<pagequality level="4" user="Zoeannl" />style="background: #ececec; text-align: left; padding-left: 0.5em; font-weight: bold;" class="table-rh"syllogism which is not false, but incomplete. Now, what is true in a syllogism is always and necessarily present to the mind. But incompleteness is a negative quality, an absent datum, which it is very possible, and indeed very easy, to leave out of account.
Man produces in order to consume. He is at once producer and consumer. The reasoning which I have just explained considers him only in the first of these points of view. Had the second been taken into account, it would have led to an opposite conclusion. In effect, may it not be said:—
The consumer is richer in proportion as he purchases all things cheaper; and he purchases things cheaper in proportion to their abundance; therefore it is abundance which enriches him. This reasoning, extended to all consumers, leads to the theory of plenty.
It is the notion of exchange imperfectly understood which leads to these illusions. If we consider our personal interest, we recognise distinctly that it is double. As sellers we have an interest in dearness, and consequently in scarcity; as buyers, in cheapness, or what amounts to the same thing, in the abundance of commodities. We cannot, then, found our reasoning on one or other of these interests before inquiring which of the two coincides and is identified with the general and permanent interest of mankind at large.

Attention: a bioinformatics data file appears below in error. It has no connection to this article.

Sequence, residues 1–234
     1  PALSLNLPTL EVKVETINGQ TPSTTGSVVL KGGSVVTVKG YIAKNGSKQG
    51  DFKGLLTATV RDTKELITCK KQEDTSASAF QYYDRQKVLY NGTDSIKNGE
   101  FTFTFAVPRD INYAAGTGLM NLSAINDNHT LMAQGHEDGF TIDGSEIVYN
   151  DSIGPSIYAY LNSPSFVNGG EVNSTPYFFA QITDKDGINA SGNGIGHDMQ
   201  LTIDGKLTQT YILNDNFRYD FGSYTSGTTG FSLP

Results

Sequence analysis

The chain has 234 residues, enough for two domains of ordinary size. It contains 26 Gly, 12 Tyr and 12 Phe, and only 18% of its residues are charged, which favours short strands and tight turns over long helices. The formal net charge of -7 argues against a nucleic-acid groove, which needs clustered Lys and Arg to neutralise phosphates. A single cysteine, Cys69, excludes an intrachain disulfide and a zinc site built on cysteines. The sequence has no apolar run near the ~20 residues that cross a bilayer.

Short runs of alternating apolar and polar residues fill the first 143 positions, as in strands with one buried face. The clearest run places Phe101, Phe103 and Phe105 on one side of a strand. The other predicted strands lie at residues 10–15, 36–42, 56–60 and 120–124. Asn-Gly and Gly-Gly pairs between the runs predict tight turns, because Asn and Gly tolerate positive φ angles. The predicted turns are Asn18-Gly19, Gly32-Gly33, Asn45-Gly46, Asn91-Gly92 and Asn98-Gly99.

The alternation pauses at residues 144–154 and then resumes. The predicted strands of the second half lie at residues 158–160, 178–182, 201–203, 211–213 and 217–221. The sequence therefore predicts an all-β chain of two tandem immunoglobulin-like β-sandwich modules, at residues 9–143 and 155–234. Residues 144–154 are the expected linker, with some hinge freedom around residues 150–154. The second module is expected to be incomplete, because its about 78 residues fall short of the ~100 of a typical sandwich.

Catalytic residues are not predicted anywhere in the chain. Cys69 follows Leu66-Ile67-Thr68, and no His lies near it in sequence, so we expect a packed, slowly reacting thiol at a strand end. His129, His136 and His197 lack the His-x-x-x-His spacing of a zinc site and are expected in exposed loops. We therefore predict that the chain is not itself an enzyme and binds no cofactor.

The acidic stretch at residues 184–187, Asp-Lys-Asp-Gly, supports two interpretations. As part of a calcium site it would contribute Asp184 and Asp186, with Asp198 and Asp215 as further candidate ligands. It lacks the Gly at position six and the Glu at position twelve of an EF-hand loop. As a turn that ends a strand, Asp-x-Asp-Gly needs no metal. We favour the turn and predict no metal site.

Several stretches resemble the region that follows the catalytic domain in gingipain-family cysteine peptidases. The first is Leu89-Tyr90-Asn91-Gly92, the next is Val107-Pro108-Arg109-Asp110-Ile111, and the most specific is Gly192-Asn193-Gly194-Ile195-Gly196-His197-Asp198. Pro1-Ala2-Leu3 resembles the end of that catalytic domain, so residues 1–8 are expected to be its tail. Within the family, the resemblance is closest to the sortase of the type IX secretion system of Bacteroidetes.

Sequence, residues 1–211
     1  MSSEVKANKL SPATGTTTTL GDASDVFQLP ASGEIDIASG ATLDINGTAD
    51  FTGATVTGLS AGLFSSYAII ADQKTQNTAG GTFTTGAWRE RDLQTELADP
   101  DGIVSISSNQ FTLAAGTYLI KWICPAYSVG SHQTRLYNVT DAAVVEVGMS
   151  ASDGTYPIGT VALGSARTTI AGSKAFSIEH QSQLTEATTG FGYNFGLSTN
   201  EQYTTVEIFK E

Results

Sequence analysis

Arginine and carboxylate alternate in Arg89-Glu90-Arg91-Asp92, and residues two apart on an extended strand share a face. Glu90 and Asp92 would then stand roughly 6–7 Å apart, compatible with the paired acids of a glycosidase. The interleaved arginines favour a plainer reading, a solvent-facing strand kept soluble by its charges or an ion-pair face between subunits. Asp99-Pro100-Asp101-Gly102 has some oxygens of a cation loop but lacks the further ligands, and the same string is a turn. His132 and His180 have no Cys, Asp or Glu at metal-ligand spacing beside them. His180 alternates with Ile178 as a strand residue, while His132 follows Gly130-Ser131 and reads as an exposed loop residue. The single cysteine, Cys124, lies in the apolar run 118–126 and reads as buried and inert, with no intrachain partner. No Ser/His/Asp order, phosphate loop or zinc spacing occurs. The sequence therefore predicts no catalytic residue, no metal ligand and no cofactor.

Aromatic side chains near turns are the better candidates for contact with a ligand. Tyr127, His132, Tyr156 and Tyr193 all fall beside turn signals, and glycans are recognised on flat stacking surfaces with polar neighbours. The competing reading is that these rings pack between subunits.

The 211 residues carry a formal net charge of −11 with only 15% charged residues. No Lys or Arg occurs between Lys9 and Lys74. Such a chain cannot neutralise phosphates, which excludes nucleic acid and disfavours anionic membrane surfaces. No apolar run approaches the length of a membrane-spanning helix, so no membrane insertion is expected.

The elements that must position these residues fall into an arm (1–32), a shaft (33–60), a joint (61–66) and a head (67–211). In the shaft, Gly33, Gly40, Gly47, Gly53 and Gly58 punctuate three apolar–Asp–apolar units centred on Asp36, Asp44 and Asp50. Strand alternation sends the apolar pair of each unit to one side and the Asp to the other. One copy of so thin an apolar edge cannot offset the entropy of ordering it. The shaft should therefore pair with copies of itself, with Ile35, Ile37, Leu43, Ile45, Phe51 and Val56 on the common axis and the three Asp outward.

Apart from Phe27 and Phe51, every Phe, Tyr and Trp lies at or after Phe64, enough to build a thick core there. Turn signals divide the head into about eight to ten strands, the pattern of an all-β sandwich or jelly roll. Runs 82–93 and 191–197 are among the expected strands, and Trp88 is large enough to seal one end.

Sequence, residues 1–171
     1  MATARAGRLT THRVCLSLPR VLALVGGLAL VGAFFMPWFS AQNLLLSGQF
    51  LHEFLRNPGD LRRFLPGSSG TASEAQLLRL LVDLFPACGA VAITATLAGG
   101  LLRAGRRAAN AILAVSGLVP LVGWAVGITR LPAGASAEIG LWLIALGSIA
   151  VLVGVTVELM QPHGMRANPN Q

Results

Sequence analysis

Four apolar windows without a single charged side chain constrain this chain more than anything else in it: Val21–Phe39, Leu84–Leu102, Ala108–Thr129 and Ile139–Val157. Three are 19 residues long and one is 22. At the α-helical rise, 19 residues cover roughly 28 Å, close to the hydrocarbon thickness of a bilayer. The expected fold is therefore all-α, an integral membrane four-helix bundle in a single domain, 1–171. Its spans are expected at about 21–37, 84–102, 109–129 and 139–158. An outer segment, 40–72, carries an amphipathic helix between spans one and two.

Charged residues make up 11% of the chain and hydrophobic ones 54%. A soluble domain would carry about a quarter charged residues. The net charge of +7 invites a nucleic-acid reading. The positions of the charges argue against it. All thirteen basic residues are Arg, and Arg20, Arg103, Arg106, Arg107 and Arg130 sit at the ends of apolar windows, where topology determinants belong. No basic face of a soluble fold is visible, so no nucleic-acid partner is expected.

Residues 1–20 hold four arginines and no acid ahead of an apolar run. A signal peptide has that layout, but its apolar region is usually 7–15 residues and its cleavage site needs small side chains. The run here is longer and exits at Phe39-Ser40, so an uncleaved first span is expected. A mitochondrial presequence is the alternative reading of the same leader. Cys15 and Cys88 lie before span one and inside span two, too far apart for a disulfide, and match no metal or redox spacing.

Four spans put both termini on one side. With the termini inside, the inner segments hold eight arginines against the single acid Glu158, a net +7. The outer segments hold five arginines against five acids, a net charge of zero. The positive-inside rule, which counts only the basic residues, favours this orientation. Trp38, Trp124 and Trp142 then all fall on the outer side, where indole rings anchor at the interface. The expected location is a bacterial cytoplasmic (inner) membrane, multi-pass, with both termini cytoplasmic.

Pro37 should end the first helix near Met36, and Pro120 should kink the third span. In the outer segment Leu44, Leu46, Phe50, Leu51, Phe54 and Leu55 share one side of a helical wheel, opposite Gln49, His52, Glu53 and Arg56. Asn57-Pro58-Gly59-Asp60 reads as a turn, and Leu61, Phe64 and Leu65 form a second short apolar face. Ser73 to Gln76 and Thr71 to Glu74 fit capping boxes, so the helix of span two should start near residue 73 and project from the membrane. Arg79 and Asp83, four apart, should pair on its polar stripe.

If man were a solitary animal, if he laboured exclusively for himself, if he consumed directly the fruit of his labour—in a word, if he did not exchange—the theory of scarcity would never have appeared in the world. It is too evident that, in that case, abundance would be advantageous, from whatever quarter it came, whether from the result of his industry, from ingenious tools, from powerful machinery of his invention, or whether due to the fertility of the soil, the liberality of nature, or even to a mysterious invasion of products brought by the waves and left by them upon the shore. No solitary man would ever have thought that in order to encourage his labour and render it more productive, it was necessary to break in pieces the instruments which saved it, to neutralize the fertility of the soil, or give back to the sea the good things it had brought to his door. He would perceive at once that labour is